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New program will give 2,000 jobless Finnish citizens free money for the next two years

basic income finland

Finland is about to embark on an extremely ambitious journey to test one of the most controversial economic theories of our time. The country’s social security institution known as Kela will be handing free money to thousands of jobless citizens on a monthly basis for the next two years. It’s a test of an economic strategy known as Basic Income, which at its core is essentially free money for every person once they reach a certain age, without any prerequisites.

The idea behind Basic Income is that by giving every individual a certain amount of money with which to keep themselves out of poverty, they are better off regardless of all other factors. If a person has a well-paying job, they still get Basic Income, just like everyone else, thereby creating a society in which every adult is above poverty and also continually contributing to the economy by spending money.

That sounds like a utopia, right? But there are other factors that create a lot of uncertainty, like whether or not free money will impact a society’s motivation to actually work. In the case of Finland’s experiment, individuals will be given a monthly payment of around $590, which is enough to prevent those individuals from becoming homeless, but obviously not enough to go clubbing on the weekends or live frivolously.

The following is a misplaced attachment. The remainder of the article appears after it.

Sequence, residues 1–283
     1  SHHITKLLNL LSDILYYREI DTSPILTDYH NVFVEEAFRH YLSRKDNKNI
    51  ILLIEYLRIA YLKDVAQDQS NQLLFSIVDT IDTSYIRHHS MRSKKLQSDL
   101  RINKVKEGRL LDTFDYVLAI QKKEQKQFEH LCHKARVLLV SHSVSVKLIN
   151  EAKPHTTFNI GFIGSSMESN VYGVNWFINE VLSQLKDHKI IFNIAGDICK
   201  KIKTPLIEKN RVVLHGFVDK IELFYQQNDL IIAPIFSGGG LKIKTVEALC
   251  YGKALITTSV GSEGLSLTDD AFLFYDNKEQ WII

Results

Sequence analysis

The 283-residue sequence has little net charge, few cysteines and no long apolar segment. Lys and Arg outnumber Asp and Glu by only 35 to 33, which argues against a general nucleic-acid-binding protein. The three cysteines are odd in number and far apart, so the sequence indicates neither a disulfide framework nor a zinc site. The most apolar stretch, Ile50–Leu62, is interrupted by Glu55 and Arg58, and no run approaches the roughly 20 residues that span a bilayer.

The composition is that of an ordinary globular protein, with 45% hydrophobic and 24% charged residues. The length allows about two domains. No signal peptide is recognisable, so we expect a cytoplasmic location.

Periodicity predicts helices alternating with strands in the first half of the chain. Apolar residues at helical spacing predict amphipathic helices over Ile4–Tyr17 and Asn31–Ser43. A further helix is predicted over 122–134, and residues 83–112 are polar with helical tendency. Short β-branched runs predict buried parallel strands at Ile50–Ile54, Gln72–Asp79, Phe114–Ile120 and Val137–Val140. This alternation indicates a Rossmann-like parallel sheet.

This is far from the first test of Basic Income, and in recent years many programs have sought to put the theory to the test, even in the United States. Y Combinator launched a small pilot program to test Basic Income in Oakland, offering 100 residents up to $2,000 per month just for existing. The program was small in scale and timeline, and many questioned whether or not it could possibly prove the theory one way or the other.

At its heart, that’s the problem with all test of Basic Income; When individuals know that it’s only a test and that the benefits aren’t permanent, they aren’t likely to change their behavior. If the test subjects in Finland find jobs and thrive, that doesn’t necessarily prove that they wouldn’t prefer to remain jobless if their Basic Income was promised for life. Whatever the case, it’ll be interesting to see how the large-scale test pans out over the next 24 months.